We must not place our trust in those doctrines that consistently divide. Satan knows the Scriptures better than any of us. He also knows us better than we know ourselves. We must be on constant guard to assess what is happening relationally when we find ourselves vexed by various opinions, or more importantly when those opinions start pushing our blood pressure toward the roof.

To justify our positions and our “righteous anger,” we even go so far as to convince ourselves that we have the discernment that Christ had when He became angry in the Temple or called out the Pharisees for their legalism. To appropriate (and adapt) a famous line once delivered during a political debate: “I know Jesus Christ…and I am no Jesus.”

Ultimately, holding our doctrines loosely honors God in the humble recognition that His ways are far above ours (Isaiah 55:8). Do we want to worship a God that we can understand to the nth degree? Our God is far more than we are, beyond our comprehension…able to save us from ourselves when we cannot. Allow God to be mysterious. Love people, even sinners, more than doctrine. Jesus did.

The life of the Church and of the world is at stake here. That is, our spiritual well-being hangs in the balance as we are the Church and the agency of Christ sharing life with the world. What witness is it to the world when within our own body we are afflicted, disjointed, and broken without healing? What value are we to the Kingdom when we stand on being right before we kneel in humility before God?

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The Redemptive Logic of Subjectivity

Do nothing from selfishness or empty conceit, but with humility of mind let each of you regard one another as more important than himself.” – Philippians 2:3

As I continue research and press forward toward launching the marketplace ministry I believe God has called me to, I find a broad range of views and concerns within the Church expressed along many different lines. Conversations on the theological level, thankfully, in the marketplace arena have not diverged too deeply into the differences of various Christian traditions but there are some interesting conversations that do arise. One twist is the concern over the division of the Church into its various traditions (Eastern, Roman, Protestant) and denominations (now numbering something like 30,000 among Protestants). I am an ecumenist and I believe the greatest opportunity for the unity of the Church may reside in the marketplace where how we go about ministry can easily transcend the particular flavors of faith in which we find ourselves. We even find ourselves thrown together in the marketplace and recognize the shared foundations of our faith without overt concern about how we might differ. Rather, I am encouraged by the focus I continue to find directly toward worshipping God in the overwhelming commonalities of our faith, especially the Lordship of Jesus Christ.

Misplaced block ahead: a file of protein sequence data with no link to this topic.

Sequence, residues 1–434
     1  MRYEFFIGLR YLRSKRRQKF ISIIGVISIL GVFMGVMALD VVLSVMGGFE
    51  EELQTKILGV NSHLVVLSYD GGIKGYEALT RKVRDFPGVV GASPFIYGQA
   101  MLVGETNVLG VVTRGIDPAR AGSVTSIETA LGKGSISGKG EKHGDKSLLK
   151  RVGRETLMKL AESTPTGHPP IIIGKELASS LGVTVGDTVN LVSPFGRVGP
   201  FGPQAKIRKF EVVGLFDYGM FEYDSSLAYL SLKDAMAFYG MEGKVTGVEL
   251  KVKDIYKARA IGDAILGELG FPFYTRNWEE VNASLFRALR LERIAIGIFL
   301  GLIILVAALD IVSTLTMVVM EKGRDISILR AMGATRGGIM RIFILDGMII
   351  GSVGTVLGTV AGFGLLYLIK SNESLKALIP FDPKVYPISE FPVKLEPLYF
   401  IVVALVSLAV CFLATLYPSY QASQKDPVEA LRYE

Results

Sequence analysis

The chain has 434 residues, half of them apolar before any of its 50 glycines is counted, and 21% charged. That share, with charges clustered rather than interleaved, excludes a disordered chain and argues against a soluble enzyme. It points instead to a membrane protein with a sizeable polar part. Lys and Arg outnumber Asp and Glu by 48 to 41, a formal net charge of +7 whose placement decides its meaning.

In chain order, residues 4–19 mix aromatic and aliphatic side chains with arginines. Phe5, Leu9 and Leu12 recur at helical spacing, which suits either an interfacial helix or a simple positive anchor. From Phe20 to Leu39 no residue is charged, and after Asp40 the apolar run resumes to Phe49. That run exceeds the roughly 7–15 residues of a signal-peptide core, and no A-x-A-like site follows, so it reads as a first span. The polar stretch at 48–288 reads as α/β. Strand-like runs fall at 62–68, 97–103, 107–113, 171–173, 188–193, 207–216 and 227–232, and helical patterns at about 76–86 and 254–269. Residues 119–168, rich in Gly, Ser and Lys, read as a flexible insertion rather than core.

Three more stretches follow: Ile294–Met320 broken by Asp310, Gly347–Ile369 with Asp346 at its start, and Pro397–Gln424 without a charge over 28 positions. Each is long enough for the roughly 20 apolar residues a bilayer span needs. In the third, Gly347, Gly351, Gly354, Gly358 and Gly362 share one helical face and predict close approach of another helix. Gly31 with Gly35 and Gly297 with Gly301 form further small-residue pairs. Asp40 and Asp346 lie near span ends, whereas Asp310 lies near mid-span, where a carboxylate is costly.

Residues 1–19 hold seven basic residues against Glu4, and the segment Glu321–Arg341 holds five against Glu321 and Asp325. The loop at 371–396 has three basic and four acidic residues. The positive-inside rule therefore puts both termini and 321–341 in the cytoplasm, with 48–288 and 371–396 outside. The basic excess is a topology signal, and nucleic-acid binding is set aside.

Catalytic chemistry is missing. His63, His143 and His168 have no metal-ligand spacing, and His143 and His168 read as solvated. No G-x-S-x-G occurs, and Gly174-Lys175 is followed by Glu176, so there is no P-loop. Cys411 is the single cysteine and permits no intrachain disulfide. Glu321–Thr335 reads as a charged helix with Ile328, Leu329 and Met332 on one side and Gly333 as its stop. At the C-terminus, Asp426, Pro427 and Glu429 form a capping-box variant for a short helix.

As I awoke this morning, the phrase “the logic of subjectivity” was drifting about in the fog of emerging from sleep. I wondered how that applied to the Christian faith and especially to the marketplace of God’s blessing and ministry to His Church and the world.

I am sure I will get no argument along the line of recognizing my own limitations. I am like everyone else, painfully aware of my own finitude. I have had some great Bible teachers in my life and have sought to study it extensively on my own. But if I have learned anything it is to hang on very loosely to much of what I think I know. I have had the opportunity to meet many gifted Bible scholars. For the most part, these are women and men who will quickly concede, ultimately, they do not know all that much.

I think the idea comes to light if we consider our limitations in light of the unlimited nature of God. That is why we all now see as through a glass darkly (1 Corinthians 13:12), simply due to our complete inability to truly grasp God. He makes Himself known to us in a great many ways but no one of us, or even all of us together, can know Him even remotely as He truly is.

Unfortunately our egos too often get in the way, crowding out true humility as we seek to know God in the context of our relationships with His people and the rest of His creation. We do not care for the tension between our limitations and God’s infinity, so we tend toward pride in establishing all that we think we know, rather more than the foundations we all likely share, as chiseled in stone. Our relentless grasp of various doctrines and beliefs not only chokes our own ability to grow in the Spirit but serves to cut others off from that same grace.